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A Step-By-Step Guide to Create a Killer Project Schedule

A Step-By-Step Guide to Create a Killer Project Schedule

6 minutes

December 13, 2021

How to create a killer project schedule.

Creating a project schedule can be daunting. The stakes are high, the timeline is tight, and the pressure is on. You need to accurately estimate the time and resources needed for each project and communicate those things to your team. Without the right process in place, project scheduling can easily become a project in and of itself. The good news? You don't have to go at it alone.

Today, we’ll show you how to create an effective project schedule with a simple five-step process. But first, let’s answer a crucial question.

What Is a Project Schedule?

A project schedule is the backbone of your project. It outlines each project stage, including milestones and deliverables. It also lists project tasks and project resources — people, equipment, or infrastructure required to complete each project task and the estimated duration of each task. In other words, a schedule is the itinerary of your project.

SmartSuite's project scheduling features in action

For example, let's say that you're planning your dream vacation to Europe. To make sure you visit all the places you want to see, you must create an itinerary. This would include a timeline of your air travel, ground transportation, hotel stays, and sightseeing activities. You'll also want to include the estimated time of each activity in your schedule so that you don't miss out on anything you have planned. A project schedule is exactly the same thing.

A solid project schedule will help you stay on track when unexpected roadblocks, changes in project scope, or conflicting priorities arise. It can also help you identify critical paths, which can help you make better decisions and react to issues in a timely manner.

The bottom line is — the better your project schedule is, the better your chances are at completing your project successfully.

Why Do You Need Top-Notch Project Scheduling?

Roughly 6 out of 10 project managers manage between two and five projects at once. And 50% of them state that they almost always start each project with a project schedule. We’re going to suggest they’re the smart half. Why? Because schedules are the true north of your projects. They guide you through each stage and task, and they help you understand whether you’re on track. Having a schedule will also show you whether your team has enough resources to finish the project on time and within budget.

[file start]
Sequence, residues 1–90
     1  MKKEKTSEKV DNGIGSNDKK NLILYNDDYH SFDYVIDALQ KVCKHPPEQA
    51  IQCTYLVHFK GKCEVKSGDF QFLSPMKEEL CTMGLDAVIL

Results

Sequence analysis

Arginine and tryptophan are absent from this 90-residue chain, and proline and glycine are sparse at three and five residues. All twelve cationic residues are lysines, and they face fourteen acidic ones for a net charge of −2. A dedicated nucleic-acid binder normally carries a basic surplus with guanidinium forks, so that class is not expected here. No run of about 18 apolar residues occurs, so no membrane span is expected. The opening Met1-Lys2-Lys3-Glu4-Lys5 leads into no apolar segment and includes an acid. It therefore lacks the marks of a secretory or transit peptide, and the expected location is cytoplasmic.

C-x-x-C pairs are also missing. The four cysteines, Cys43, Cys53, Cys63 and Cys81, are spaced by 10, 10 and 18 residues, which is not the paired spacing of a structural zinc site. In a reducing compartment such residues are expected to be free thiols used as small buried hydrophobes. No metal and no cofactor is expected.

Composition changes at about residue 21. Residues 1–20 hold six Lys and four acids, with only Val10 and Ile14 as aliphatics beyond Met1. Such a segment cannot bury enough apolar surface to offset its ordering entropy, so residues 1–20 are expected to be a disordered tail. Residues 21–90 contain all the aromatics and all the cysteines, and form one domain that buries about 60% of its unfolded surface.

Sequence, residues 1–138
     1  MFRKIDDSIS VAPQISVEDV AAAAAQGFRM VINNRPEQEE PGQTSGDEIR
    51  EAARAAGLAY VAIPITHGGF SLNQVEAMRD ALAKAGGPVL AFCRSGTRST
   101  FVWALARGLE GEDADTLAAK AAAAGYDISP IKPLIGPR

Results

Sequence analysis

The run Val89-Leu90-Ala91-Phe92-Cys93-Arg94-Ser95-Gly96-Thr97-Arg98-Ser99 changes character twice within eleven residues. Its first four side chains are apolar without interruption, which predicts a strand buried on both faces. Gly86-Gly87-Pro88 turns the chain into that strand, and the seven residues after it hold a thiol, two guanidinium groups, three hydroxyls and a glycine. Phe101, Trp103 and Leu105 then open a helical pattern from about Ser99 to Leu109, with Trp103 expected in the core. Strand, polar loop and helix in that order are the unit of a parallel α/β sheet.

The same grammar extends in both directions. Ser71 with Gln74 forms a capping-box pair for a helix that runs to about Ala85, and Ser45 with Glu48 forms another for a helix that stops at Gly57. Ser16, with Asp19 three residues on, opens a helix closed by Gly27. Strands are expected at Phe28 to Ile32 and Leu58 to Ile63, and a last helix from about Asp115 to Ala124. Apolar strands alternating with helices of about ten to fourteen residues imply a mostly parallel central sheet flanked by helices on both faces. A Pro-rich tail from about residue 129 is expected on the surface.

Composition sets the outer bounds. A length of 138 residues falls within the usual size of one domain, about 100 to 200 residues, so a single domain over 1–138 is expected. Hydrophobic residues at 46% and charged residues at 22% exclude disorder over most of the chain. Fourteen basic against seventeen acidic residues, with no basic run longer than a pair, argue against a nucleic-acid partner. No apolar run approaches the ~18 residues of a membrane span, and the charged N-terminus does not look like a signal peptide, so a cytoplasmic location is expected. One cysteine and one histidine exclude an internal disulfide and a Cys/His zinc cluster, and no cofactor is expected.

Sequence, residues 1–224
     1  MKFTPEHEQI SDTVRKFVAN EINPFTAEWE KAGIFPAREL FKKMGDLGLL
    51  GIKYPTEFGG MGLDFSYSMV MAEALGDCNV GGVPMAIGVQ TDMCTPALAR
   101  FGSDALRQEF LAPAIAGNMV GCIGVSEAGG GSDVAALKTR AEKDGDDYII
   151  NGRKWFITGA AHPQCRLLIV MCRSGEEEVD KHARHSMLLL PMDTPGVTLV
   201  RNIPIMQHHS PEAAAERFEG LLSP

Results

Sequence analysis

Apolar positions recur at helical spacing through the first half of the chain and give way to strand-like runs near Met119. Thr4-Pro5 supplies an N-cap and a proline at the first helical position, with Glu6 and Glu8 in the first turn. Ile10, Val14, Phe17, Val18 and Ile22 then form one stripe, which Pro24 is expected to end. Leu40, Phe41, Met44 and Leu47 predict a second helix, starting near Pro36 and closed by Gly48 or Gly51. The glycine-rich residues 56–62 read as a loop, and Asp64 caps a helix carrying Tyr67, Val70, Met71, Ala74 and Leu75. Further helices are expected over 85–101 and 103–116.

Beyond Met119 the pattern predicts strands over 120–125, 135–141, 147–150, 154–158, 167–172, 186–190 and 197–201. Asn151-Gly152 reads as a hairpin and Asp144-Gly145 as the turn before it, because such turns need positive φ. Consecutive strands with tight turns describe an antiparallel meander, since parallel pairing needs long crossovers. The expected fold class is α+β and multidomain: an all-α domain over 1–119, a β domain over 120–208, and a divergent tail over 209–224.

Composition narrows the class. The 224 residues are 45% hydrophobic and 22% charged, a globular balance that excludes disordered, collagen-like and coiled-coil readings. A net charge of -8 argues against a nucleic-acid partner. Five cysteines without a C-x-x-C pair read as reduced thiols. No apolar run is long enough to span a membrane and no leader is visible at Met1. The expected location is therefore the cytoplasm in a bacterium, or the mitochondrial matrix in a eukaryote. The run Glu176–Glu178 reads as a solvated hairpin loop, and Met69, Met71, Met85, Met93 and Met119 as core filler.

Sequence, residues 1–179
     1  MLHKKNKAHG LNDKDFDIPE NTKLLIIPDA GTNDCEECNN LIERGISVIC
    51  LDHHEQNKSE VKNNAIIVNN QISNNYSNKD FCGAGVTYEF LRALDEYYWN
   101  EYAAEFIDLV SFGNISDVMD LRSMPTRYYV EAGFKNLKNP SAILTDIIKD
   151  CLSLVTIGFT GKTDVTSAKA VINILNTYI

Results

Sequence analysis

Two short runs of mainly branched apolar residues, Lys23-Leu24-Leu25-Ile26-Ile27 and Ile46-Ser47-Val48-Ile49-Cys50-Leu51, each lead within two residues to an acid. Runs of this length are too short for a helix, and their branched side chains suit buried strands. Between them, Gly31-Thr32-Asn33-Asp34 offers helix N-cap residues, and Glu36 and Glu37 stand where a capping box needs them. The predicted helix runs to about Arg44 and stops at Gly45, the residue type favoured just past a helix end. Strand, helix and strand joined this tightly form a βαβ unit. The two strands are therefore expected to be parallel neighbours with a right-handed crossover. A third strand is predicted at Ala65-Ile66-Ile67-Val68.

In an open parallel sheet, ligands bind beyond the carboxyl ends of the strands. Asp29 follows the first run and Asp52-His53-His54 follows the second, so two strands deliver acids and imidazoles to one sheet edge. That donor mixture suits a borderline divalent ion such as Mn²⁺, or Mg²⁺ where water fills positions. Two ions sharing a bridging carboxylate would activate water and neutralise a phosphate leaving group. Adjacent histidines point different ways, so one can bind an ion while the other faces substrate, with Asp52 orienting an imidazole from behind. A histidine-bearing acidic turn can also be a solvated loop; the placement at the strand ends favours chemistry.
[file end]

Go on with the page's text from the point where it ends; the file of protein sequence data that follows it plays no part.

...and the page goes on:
Some other benefits of project scheduling include:

  • Improved risk management: A project schedule helps you manage project risks by anticipating issues and identifying problems before they happen.
  • Better contingency planning: Project scheduling gives you an opportunity to create contingency plans in case unexpected changes occur.
  • Reduced costs: Project schedules reduce project costs by allowing you to monitor resources and adjust their time allocations as needed.
  • Better forecasting: A solid project schedule allows you to forecast results before you finalize your project plan.

What Are the Differences Between a Project Plan and a Project Schedule?

Many people often use "project plan" and "project schedule" interchangeably. That said, these terms are different.

A project schedule gives you a detailed timeline of your project. It showcases what's going to happen, when, and by who. 

A project plan, on the other hand, is a more high-level document that includes an outline project schedule, as well as other information about your project. For example, a plan may include details regarding your project milestones, scope, resources, budgets, and risks.In essence, a project plan is a roadmap that helps you visualize how your project is going to unfold and how to manage it, while a project schedule gives you the details required to drive your project forward.

Three Project Scheduling Techniques

Now that you understand the importance of creating a project schedule, let’s explore three of the most popular scheduling techniques:

Gantt Chart

The Gantt chart is one of the most popular scheduling techniques. It was created by Henry Gantt, who used it to plan the production line in a factory. Gantt charts stretch across time and use bars to represent each project activity. They also include task dependencies and who is responsible for each activity. 

A typical Gantt chart might look something like this:

Example of a Gantt chart
(Image Source)